The following are being submitted for consideration by the panelists, to include in presentations for the July 31, 2007 NCVHS meeting of the Standards & Security Sub-Committee.

Issues for successful migration to next version of HIPAA Standards

  1. What is the business benefit to you in terms of moving to the next version of each transaction? e.g. greater utilization of some transactions? Fewer variances in companion documents?
    1. Extra information which will be available in the E1 – Eligibility Verification transaction will be beneficial.
    2. The COB (Coordination of Benefits) Claims will be able to be handled better in the next version
    3. It will be much better to be able to have a standard way to process the one-time fills for Part D drugs that are not on the new plans formularies.
    4. More LTC information will be on the claims, which will also facilitate claims processing, claims submission, and reporting after the fact

Are there transactions that although are currently implemented, have limited or no utilization?

The B3 – Rebill transaction is not used much at all.

E1 – Eligibility Verification is not used as a transaction being sent to the payers much, but it is used frequently to the TrOOP facilitator.
N1  – Information reporting is not used by the pharmacies very much, but is used between the facilitator and the payer for Part D information

Are there transactions that you have implemented with a lot of work arounds in order to continue to meet advancing business needs?

Currently we have been unable to meet the needs due to the limitations of the NCPDP 5.0 transaction set, and the HIPAA regulations against modifications to the standard.

  1. It has been suggested that there should be an overall industry implementation plan to assure a successful  implementation.  If you disagree, please explain why.  Please pick up the issues at e.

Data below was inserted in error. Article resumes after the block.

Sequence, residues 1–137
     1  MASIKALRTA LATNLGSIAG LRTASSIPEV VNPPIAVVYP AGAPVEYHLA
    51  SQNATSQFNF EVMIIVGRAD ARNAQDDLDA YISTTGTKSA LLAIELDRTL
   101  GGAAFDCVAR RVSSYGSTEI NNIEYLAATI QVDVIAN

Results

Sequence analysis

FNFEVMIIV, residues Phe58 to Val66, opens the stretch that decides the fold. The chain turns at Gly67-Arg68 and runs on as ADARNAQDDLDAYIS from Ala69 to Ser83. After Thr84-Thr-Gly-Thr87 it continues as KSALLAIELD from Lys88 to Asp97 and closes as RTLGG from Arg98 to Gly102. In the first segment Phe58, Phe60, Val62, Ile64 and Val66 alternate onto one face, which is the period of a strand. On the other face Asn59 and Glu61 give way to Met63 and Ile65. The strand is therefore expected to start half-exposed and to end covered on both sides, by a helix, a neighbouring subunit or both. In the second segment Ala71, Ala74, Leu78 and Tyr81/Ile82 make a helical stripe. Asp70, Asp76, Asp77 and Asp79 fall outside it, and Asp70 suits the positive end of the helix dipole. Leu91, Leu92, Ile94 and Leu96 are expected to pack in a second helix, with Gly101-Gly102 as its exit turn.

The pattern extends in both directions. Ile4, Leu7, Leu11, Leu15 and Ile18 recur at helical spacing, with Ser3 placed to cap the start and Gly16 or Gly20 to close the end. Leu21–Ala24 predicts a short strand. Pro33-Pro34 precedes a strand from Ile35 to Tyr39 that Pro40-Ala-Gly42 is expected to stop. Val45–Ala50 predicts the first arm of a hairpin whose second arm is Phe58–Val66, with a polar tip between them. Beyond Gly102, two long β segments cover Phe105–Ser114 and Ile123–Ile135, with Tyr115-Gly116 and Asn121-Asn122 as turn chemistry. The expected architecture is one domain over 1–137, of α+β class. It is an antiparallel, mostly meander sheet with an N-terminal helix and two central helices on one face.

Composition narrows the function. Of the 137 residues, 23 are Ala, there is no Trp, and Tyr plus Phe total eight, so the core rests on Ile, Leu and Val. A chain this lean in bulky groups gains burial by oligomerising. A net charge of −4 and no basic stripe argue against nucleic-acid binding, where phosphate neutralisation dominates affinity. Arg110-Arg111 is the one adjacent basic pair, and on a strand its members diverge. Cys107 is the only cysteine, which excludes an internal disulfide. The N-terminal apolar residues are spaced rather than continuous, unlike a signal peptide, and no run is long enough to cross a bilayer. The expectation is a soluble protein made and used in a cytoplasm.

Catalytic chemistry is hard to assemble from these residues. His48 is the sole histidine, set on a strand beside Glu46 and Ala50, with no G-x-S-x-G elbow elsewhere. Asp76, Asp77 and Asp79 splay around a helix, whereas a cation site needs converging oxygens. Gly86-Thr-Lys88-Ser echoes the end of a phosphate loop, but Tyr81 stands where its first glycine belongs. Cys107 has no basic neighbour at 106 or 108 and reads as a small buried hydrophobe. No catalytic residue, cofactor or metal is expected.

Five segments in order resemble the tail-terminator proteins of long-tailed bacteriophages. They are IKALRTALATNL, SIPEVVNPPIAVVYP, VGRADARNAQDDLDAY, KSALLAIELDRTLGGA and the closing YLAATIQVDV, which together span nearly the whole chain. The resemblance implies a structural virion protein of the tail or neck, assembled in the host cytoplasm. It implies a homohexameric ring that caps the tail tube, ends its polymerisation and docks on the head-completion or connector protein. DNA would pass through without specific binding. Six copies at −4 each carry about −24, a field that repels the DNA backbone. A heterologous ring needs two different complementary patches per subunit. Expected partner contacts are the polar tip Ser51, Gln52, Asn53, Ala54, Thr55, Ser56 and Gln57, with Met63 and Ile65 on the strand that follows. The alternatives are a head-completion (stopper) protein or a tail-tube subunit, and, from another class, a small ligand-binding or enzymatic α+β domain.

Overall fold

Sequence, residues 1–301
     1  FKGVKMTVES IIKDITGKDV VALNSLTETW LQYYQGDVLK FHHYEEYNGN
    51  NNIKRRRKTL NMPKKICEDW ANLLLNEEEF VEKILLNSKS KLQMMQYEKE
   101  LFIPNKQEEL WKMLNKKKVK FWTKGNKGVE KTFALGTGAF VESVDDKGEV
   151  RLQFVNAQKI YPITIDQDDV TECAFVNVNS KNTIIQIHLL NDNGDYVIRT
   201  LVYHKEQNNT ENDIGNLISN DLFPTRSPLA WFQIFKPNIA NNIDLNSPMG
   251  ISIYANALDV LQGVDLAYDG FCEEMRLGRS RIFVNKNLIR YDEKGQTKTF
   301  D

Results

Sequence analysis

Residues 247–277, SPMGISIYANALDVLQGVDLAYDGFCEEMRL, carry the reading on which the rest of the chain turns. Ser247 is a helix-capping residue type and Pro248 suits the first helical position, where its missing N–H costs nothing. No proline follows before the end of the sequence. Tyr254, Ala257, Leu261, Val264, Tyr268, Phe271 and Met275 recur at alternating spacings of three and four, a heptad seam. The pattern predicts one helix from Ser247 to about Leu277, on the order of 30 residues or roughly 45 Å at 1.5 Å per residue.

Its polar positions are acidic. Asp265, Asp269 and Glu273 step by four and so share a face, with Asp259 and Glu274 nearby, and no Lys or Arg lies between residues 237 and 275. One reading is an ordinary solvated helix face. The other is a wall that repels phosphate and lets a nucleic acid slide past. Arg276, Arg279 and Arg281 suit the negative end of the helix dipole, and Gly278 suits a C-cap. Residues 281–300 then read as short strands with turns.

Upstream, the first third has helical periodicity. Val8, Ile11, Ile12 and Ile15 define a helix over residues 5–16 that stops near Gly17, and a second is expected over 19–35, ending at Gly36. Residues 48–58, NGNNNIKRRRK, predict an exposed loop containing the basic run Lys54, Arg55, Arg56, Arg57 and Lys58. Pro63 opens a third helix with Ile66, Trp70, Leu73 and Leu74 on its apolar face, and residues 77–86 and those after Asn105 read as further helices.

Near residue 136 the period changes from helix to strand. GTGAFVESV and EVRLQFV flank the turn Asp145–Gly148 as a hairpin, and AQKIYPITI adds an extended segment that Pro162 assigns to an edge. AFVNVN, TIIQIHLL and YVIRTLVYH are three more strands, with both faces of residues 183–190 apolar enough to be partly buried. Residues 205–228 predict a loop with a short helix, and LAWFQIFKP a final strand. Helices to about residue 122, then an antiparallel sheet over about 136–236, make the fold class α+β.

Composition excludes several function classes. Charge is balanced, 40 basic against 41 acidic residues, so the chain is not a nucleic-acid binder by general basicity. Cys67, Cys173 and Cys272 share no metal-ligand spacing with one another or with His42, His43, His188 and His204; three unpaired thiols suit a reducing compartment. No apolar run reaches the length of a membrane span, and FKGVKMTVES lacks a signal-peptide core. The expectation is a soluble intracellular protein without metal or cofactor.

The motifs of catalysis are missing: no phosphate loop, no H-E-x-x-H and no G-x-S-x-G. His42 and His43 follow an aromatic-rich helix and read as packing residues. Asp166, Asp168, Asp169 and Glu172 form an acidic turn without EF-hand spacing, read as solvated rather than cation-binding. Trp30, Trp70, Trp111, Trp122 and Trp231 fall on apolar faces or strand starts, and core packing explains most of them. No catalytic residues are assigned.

1. Who should develop it?
    2. Should it be part of the regulation?
    3. Who should enforce progress?
    4. Are there incentives or penalties to assure meeting intermediate dates.
    5. What are the milestones for an implementation plan?  What are the issues involved with each?
      I disagree with the suggestion that there be an overall industry implementation plan, especially as it pertains to the implementation of NCPDP D0.  In the pharmacy industry, the sheer volume of the claims being transmitted, combined with the fact that pharmacies will not dispense the medication to the patient without having received a reply from the claims processor regarding proper copay and payment information is cause to allow the pharmacy software vendors, pharmacies, and pbm/claim processors to have time to conduct a slow and methodical implementation.
      The initial test period should include voluntary participation by payers and pharmacies using a mix of “canned tests” so as to ensure that certain scenarios and claim types are tested, and also real claims.  Ideally, a period of several days worth of claims should be able to be reprocessed to compare the actual results with those of the test system, giving everyone an ability to compare results and justify or correct any differences.
      In the next phase of the testing period I envision a phased in approach with a few test sites (payers and pharmacies) using live data, real processing.    Those “Live Tests” should be conducted for at least three payment cycles to allow for the complete claim submission and claim payment cycles (835 and/or paper remittance advices) to be completed.
      After a test period of actual implementation such as I’ve described, any problems or issues resulting from deficiencies or errors in the standard should be able to be corrected or changed as necessary before having the standard mandated by CMS.